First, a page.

black metal and ambient music seem similar in their use of layered motifs over a drone or constant beat in which syncopation is de-emphasized.

Is this from a similar world-outlook, or is it a megatrend passing through our time to aim for atmosphere instead of discrete conclusions?

In the first place that’s a really interesting hypothesis which makes a lot of sense to me, but I’m not sure if I know the answer to your question. I don’t really think that a similar world outlook necessarily leads to similar artistic output other than in terms of meaning, so it’s possible that intelligent artists who have something to communicate gravitate towards creating music that they feel speaks to the ancient man who finds himself living in the modern world.

EMIT has emitted (forgive me that) a series of releases, seeming with each to move farther from black metal in form and closer to black metal in spirit. Is that assessment correct? What has engendered this progression?

I think you’re right. With the Hammemit album, there are no percussion elements, no distorted guitar and mostly clean vocals. In previous releases there’s been a fair amount of variation with clean and distorted guitar, but ironically, I wanted to free myself from the conventions of what I used to do by limiting myself to a bare minimum as far as possible. It focused my mind and let me get to the core or essence of what I’ve already been doing for years. I believe I’m getting closer to an ideal stylistic approach, which has taken some time to reach. Now it’s a matter of utilising the approach in the most effective way possible.

When we speak of evil in music, what is its value? Is literal evil meant, or a mockery or evil, or is the metaphor being overloaded to take on new meanings? Are they recapturing the word “evil” like hip-hop groups have recaptured racial epithets? And finally, have you encountered any music you consider “evil” in the definition of your choice?

It seems to depend on whom you speak to. The religious bands of today mean literal evil in the biblical, moralistic sense. So-called “pagan” bands use the word as if to say “christianity turned our gods into devils”, recapturing the word, as you suggest. Overtly blasphemous bands like Havohej take delight in mocking the dualism and entire concept of evil with their crudely effective lyrics and stance. I don’t think I’ve come across any music that I find actually evil, only music seeking to portray that which is generally considered evil, and that isn’t the same thing as “evil music”. I said in another recent interview how I’ve never seen death and black metal as being much concerned with blaspheming, but rather praising or aspiring towards the numinous. That’s what I’ve always endeavoured to do with Emit and will continue to do with Hammemit.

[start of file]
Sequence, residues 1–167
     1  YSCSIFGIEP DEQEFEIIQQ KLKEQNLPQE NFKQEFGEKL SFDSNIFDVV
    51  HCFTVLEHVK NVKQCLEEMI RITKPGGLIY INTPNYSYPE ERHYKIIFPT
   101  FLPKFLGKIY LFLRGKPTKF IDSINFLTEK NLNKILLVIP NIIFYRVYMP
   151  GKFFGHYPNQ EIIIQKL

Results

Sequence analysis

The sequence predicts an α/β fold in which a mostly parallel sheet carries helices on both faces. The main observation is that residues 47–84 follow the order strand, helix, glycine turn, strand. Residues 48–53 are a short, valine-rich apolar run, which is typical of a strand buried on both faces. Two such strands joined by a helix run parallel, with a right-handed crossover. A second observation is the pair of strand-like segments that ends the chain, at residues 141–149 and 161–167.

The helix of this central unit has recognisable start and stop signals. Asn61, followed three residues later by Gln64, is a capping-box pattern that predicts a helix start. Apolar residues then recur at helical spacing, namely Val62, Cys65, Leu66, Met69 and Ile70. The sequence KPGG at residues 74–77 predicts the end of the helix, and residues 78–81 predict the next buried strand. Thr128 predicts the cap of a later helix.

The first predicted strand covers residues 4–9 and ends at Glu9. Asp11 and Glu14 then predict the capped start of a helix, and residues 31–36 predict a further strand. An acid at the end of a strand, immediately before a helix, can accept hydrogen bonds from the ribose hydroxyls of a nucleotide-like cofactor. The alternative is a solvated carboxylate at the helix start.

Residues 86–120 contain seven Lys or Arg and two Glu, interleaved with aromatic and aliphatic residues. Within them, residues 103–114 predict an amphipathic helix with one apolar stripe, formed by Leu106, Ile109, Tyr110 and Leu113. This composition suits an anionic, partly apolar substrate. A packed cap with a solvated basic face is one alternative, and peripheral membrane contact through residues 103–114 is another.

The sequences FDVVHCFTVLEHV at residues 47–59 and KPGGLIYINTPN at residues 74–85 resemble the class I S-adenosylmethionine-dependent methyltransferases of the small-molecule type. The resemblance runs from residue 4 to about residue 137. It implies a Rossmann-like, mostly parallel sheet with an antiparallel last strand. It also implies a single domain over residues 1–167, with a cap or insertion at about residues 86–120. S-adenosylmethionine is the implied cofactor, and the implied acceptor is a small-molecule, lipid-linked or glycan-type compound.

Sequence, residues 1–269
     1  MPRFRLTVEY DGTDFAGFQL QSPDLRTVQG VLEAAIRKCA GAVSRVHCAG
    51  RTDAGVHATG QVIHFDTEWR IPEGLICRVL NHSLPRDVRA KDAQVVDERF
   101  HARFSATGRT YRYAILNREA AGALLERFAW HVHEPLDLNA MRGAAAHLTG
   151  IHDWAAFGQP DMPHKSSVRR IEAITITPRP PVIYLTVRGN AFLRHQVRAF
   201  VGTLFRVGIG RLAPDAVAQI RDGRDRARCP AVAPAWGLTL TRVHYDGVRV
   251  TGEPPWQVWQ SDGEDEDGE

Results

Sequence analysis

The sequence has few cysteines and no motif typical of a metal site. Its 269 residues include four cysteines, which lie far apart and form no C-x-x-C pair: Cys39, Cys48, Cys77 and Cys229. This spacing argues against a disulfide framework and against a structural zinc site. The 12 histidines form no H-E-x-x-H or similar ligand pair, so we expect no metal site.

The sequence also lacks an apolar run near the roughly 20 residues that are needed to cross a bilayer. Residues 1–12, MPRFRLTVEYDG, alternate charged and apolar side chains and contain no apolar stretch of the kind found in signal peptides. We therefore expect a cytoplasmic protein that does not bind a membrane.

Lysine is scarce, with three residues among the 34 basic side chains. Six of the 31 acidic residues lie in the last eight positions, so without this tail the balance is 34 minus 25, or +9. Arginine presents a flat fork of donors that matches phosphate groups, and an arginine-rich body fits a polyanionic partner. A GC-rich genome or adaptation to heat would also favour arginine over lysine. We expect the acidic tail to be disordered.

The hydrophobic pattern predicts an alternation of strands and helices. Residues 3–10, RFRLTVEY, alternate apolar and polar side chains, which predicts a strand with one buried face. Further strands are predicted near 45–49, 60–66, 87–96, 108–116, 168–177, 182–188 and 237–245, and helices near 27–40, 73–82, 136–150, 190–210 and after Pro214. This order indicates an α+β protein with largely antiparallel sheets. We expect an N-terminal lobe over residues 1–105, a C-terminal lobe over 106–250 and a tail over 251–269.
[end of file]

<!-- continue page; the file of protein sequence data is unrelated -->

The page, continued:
Do you believe music should be mimetic, or reflect what’s found in life, or ludic, and show a playfulness with life that encourages us to experience it in depth? Do the two ever crossover?

When I listen to Hammemit, what comes to my mind is the moors, woods, rural churches, stone circles and ancient places of England as I know it. It encapsulates what I begin to think about when visiting or visualising them, and I believe that music ultimately is an artistic manifestation of thoughts and ideas. For instance, the guy from Absurd used to say that black metal was “listenable ideology”. Taking this further, I would even say that music could be broken down to something like computer language, a series of 1′s and 0′s which look like gibberish but can be understood if you have sufficient knowledge or have trained yourself over time. If you look at guitar tablature, it’s basically a series of numbers telling you where to put your fingers on the fretboard, but when you follow this on an instrument it creates something which we can understand, much like 111110010100110001111 might be code that forms a program for a computer. So if you translate thoughts and interpretations of the world around you into music, it could be said that you’re creating a program which allows other people to experience those same ideas and thoughts. I dare say this makes the whole artistic process seem less “magical”, but I like to try to get to grips with the mechanics of how important phenomena work.

I want to learn more and more to see as beautiful what is necessary in things; then I shall be one of those who make things beautiful. Amor fati: let that be my love henceforth! I do not want to wage war against what is ugly. I do not want to accuse; I do not even want to accuse those who accuse. Looking away shall be my only negation. And all in all and on the whole: some day I wish to be only a Yes-sayer.

- F.W. Nietzsche, Thus Spoke Zarathustra

When you create music, do you narrow your perspective to find what you seek to express in life, and then translate it back to sound? Do you feel others do this? What are the ways an artist can approach the task of making art?